One Hundred Years of Dreaming by Chris Collins - Twist in Time Literary Magazine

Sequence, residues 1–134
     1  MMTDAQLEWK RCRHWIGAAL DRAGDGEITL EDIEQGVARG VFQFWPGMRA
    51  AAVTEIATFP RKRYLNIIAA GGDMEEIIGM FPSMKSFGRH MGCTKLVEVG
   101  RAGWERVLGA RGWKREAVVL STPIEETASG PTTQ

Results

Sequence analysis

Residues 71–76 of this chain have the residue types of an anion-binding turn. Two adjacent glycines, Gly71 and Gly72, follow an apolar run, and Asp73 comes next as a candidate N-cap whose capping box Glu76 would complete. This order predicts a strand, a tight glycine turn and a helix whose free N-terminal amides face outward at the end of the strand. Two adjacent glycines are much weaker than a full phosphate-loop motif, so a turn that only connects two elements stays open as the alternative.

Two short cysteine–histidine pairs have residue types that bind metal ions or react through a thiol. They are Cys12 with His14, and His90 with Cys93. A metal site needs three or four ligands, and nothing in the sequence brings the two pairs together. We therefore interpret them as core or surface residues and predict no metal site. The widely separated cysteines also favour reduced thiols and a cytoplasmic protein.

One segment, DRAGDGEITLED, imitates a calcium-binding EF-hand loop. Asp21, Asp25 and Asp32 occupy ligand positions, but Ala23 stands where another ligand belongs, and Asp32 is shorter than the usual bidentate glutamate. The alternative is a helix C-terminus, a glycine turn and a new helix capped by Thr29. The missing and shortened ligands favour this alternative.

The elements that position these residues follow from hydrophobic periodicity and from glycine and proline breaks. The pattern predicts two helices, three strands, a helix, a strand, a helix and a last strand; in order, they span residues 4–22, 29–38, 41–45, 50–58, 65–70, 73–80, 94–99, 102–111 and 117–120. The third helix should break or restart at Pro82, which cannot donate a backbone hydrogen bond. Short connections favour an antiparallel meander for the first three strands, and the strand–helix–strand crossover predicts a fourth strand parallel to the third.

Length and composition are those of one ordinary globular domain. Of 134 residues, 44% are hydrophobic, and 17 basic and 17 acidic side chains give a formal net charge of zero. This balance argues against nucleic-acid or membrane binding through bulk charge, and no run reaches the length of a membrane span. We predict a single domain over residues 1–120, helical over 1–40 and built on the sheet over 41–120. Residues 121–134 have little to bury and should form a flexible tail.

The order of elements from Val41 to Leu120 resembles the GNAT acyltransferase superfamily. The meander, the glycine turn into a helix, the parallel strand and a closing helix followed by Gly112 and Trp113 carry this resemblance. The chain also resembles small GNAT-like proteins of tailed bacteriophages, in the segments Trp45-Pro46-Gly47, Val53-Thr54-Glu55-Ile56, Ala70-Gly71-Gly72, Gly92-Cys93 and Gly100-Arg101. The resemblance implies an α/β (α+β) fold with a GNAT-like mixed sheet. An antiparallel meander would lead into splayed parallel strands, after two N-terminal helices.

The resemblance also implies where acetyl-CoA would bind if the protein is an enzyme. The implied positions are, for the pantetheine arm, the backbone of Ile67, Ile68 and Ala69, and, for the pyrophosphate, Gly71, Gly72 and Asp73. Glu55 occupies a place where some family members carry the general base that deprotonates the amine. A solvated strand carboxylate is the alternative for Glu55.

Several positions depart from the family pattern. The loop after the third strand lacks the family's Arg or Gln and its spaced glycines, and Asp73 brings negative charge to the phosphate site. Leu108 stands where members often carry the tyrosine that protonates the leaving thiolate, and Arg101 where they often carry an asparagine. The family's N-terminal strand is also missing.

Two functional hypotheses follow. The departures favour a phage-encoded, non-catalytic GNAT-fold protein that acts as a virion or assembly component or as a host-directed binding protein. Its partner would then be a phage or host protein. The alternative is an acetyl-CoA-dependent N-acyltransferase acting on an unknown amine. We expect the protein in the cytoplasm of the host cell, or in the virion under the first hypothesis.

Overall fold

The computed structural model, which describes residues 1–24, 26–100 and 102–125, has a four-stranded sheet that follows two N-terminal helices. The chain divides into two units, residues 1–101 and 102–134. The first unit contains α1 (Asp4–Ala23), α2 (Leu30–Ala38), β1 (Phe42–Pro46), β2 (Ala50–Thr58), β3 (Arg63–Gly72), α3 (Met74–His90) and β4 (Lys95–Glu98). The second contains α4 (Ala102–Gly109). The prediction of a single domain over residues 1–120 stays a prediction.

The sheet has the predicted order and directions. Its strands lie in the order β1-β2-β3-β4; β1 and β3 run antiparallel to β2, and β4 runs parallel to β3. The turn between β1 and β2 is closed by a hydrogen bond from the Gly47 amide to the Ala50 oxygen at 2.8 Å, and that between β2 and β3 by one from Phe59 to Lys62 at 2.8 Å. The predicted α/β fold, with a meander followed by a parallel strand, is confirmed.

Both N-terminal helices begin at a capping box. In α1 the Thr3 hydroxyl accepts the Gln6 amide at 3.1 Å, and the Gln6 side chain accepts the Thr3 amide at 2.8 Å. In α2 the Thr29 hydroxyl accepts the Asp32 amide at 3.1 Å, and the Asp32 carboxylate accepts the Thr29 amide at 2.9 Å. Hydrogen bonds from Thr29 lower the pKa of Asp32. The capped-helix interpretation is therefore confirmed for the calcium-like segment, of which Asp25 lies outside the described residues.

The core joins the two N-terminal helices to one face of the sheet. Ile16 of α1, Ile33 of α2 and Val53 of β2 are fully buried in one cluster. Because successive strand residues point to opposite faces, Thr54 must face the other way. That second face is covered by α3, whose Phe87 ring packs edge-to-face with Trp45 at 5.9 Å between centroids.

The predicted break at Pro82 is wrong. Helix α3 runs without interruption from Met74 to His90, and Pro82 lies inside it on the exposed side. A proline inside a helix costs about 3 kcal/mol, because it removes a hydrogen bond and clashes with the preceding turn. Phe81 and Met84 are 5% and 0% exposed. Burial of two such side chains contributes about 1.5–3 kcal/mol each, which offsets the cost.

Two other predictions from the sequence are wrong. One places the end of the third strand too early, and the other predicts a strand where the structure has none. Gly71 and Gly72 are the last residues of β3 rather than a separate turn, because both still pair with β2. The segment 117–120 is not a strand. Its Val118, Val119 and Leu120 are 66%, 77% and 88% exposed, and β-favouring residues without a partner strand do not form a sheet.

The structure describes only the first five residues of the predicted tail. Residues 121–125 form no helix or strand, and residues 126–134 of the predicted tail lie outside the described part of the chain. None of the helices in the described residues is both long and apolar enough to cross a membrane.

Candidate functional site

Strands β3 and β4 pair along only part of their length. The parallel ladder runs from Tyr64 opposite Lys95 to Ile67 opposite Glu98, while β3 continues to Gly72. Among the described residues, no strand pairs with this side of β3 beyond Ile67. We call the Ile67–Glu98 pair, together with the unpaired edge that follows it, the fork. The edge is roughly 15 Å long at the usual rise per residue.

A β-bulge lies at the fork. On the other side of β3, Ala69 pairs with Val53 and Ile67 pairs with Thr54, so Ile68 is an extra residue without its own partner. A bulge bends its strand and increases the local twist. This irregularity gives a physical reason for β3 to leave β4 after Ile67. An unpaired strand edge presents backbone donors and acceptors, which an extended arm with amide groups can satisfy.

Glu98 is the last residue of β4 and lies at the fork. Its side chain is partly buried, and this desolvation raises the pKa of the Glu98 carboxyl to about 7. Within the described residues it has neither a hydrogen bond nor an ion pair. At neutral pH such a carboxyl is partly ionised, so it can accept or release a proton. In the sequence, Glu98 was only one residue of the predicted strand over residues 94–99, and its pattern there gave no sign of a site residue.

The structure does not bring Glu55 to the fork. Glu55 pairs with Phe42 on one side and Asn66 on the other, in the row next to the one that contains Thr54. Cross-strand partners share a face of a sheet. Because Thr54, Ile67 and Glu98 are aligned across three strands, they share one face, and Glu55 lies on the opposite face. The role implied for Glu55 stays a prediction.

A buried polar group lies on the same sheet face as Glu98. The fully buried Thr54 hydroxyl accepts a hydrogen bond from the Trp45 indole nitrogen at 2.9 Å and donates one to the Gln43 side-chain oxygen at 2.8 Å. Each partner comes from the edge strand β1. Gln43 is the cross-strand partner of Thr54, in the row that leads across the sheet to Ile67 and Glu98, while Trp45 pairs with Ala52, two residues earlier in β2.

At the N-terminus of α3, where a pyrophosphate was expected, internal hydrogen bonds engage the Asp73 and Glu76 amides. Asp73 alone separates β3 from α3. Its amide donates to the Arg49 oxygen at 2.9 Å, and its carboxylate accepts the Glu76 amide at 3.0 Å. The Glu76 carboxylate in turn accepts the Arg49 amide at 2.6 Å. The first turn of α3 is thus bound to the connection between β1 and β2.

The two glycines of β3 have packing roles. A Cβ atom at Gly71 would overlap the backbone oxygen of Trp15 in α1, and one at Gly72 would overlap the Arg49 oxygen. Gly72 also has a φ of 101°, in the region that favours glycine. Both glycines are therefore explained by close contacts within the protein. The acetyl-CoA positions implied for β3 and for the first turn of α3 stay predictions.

The Old Woman’s Advice Calpurnia woke up screaming. Breathless, she gasped into consciousness, her panicked bosom heaving until the Oneiroi demon dislodged and shuffled off with a sneer. Clutching her husband’s arm as he rose, she told him of her dream and begged him – do not leave. And, laughing, he dressed in his gold and finery and went out into the burning streets of Rome. Morning breaks in a golden green land of sunlit shafts, bridged by Bifrost from grey, snow-heaped mountains. Balder awoke gulping, haggard and head-wrought. His dreams were poisoned and choked with gore; he swam in horror nightly. He dreamt of the end of the world, but it serves no warning as Ragnarok is carved in runes by the Nornir. What shall be. And yet… Long ago, Odin drank the spiced mead of poesy under Hnitbjorg and brought it back to Asgard on eagle wings. He whispers sonnets and villanelles into the cinnamon sleep of women and men; thus dreams are singing messages from the Gods. I saw these things across ages. I whisper them to children to sooth them when they wake up in the night. ***** A young child dreamt. Her night terrors shattered the castle on its mountain-girt waveless green plain. Running weeping to her mother, she wailed that she was being chased by a huge nameless thing; a dragon, a great snake, a dreadful grey formless thing. Her dread kept her from her sleep and marked her skin with dark circles of worry. After three successive nights, her mother summoned the wise woman who had helped her through her time and asked for her sage and un-minced advice. ‘Well?’ exacted the old woman. She had settled her shapeless grey and brown form on a fine couch by the fire and begun spinning with her distaff. The young child sat tense on a stool at her mother’s feet, swaddled by her mother’s silks. Muted grey mist gathered at the spike of the old woman’s spindle and the young girl gaped at how this stuff of clouds and air became silvered strands, like hair from the moon. The Queen did not flinch at the brusque demand. Her inflexible eyes held the wrinkled gaze with which burned back like black fire. ‘The child is sick.’ She gestured her daughter at her feet. ‘Oh?’ The child blushed and her eyes flickered away from the fascinating spinning thread and fixed on the floor. ‘Are you, child?’ The croaking voice startled her, and she looked up at her mother for reassurance; she was never addressed so familiarly. Her mother nodded, and she took a deep breath. ‘Mistress, I cannot sleep.’ The old woman looked back to the distaff and flicked it again. ‘It is midwinter. The rain drips mournfully from the grey dead trees and you are restless. You long to run through the wildflowered meadows of your kingdom and race your horse along the mountain passes where the young shepherd boy hands you rosebay and smiles.’ The young girl’s eyes grew wide and she stole a furtive look at her mother’s disapproving, yet amused expression. The Queen addressed the old woman. ‘You are always right, in part, Mistress. She is a keen horsewoman, despite her age and her father’s displeasure. She is adventurous in spirit and the curtailing winter often casts her mood into a black pit. But it passes. This is different.’ The girl met the old woman’s eyes. ‘Please Mistress. I have bad dreams.’ ‘Ay? Tell me.’ And the young princess explained her strange dreams, entrapments, paralysis, monsters, snakes and dragons, evil forests and some other, dark thing she could not explain and did not understand, but loomed in the corner of her mind, sharp and horrid. ‘Are you afraid child?’ The old woman asked. Accepting the girl’s mute nod, she turned her attention back to her spinning. ‘You have guessed at your own fate. I see it woven out for you.’ Silence while she spun and spun. Shattered by the spindle-sharp voice again. ‘See these?’ She gestured at her spinning, the sharp point at the top. ‘Be careful of them. Watch.’ And here she cut herself on the needle. The princess stared in horror as dark blood swelled in rosary beads and dripped onto her rough skirt. The old woman did not even recoil as they stained the fabric. ‘As you bloom to your woman hood, you will learn to spin. You will make soft linen for your father, and one day a prince. But before that day, you will prick yourself on a spindle, as I have done, and your blood will not bead and dry as mine does, but flood in tides and you will die.’ The queen paled, swelling her skirts and arms before her daughter, like spreading wings to shelter a nest. ‘Fie, Mistress!’ she spat. ‘My child shall not die!’ Her anger kindled the coals of fear. ‘She will know now never to touch them. Why would she now, when they mean her harm? I will collect each one in the kingdom and burn them all!’ Here she lunged at the old woman’s distaff. But the old one had risen, the distaff held across her like a barrier and both women seized it. They struggled. The queen’s knuckles were white from wrenching. Then with a contortion of disgust on her fair face, she snatched the long thread between spindle and distaff and snapped it. She turned to the fire and leaned against the mantle. The old woman watched her, motionless. Disdain worked in around the bridge of her nose and suddenly the princess hated this old hag who had predicted her own death and humiliated her mother, whose stately back was heaving misery against its silk and lace casings. The old woman watched, then slowly unwound the ripped thread from the distaff. ‘Well Majesty, you’re as like to pay for that. But the threads of life can be short or long. One is not so much broken as put to different use.’ The queen turned back to the old woman and slumped, defeated, into her chair. The old woman spoke. ‘Come here, child.’ The princess stepped forward, her jaw high and her little eyebrows arched. ‘You order me, peasant?’ The old woman fixed her with a long stare. The child glared back with all the audacity of regal youth until the natural authority of age outweighed it. She capitulated. If only she could not hear her mother’s crumpled tears crushed under corseted breaths, she could have held that gaze longer. Who was this woman to speak so? The woman took the princess’s hands and held them out in front of her, the palms facing each other. She took her finished thread and began to wind it around the outstretched hands. ‘I am no monster, child.’ The woman looped and looped the thread. Her voice was low and with shame, the princess noticed its crack that split the word ‘monster.’ ‘I do what I can. This is your thread. It has been woven for you, like your mother’s was woven for her, and her mother’s. Even a princess cannot choose of what it is made or how it is spun. It is made for you, and then binds you up. Away from those meadows and mountain ridges.’ The princess felt her throat constrict. ‘When a father fears his daughter’s energy, his restraint is woven in, and he will get his wish. The King’s own law will visit severely upon him.’ The princess whispered; ‘Will I really die, Mistress?’ The old woman continued wrapping the grey thread around. The princess counted the silence, broken only by the fire hisses, her mother’s short breaths and the tension of the answer, which weighed down like heavy sacking on their arms and shoulders. Eventually the old woman dragged her eyes up out of it and looked at the child. ‘Nay. You will not die, but sleep. You will sleep for a hundred years. But this, I can weave in for you. Those dreams that have plagued you lately, will come again. But you will learn to govern them. You will make the world in them to your liking and come and go as freely as you please. Here, you will be mistress of your own kingdom.’ The princess stared in wonder; in horror. A life or a death? Dream or nightmare? Or something liminal; the thin white places between. ‘And the dark thing?’ here she blushed; she did not know what it was to name it, but shame was there, and disgust as well as horror. ‘Do you know what it is, child?’ The old woman looked grave. The princess shook her head and began to cry. ‘Beware it.’ She spoke gently. ‘For that spindle comes in human form. It is a man who will seek to rescue you from sleep. If he does, you will make linen for him. And there will be no more dreams.’ Here the old woman leaned forward, her breath puffing the golden curls away from the royal face. She whispered: ‘And certainly, no more riding.’ In the thick silence before the fire, there was a rustle of iridescence from the Queen. ‘And what will happen when he comes?’ ‘Well that,’ the old woman conceded with a smile at the Princess, ‘is up to you.’ Other Kingdoms In another kingdom, another Queen rocks her cradle and sings. As her son grows, she kneels before him buttoning his doublet, brushing his coat. She walks behind him in the gardens and applauds when he runs, fights, rides his horse and kills a hare. Soon he leaves his nursery and joins his father on the hunt; at jousting; at drinking. From the love of his mother’s kisses and his father’s smiles, all he has ever known is that ‘one day, all this will be yours.’ ***** My father is old; my rights manifest. A new age is beginning, my age, and I will extend my kingdom at its borders and strengthen it. I will be the most powerful king from sea to mountain, championing new pastures and new cities for my swelling subjects. And the sower will reap their eternal gratitude in tithes and taxes. It begins with my destiny – my first enrichment. A powerful spell smothers a princess in the next kingdom and my salvation of her augments my lands, my bed and the posterity of my home. It has been foretold that my defeat of the guarding dragon and the rescue of this maiden brings me rich reward and I will distinguish myself in skill and courage to take her. She is all states. All princes I. I awake in the grey-blue morning and am dressed in my armour. I stare out of the casement at the lands I will soon liberate from sleep; help breathe again through clearing the choking forest and briars. I have known all my life of that strange place, and its princess that was cursed by a witch. The pettiness of women. I gaze at the mountain pass, still topped with the fading winter’s snow and feel a shudder of fear in my heart. I force it down and think of that unknown girl laid out like her kingdom’s offering. Strengthened, I breathe again. It is cold enough to see my breath, but my furred cloak is thick. I smell dew and adventure in the morning. My buckles are strapped at last, and I stride from the chamber to my stables. ***** Her early dreams were of that first horror. Childhood night terrors were re-lived and were all of that first piercing; the sharp shock, the blood pooling and seeping up the hem of her gown like litmus paper; dizziness then tumbling blackness. Twenty years twitching in the satin sheeted, brocade hung bed with roses growing in through the window. Thorns in the forest grew so thick and fast they pierced the breasts of robins as they sang. Serpents rippled through roots and stems...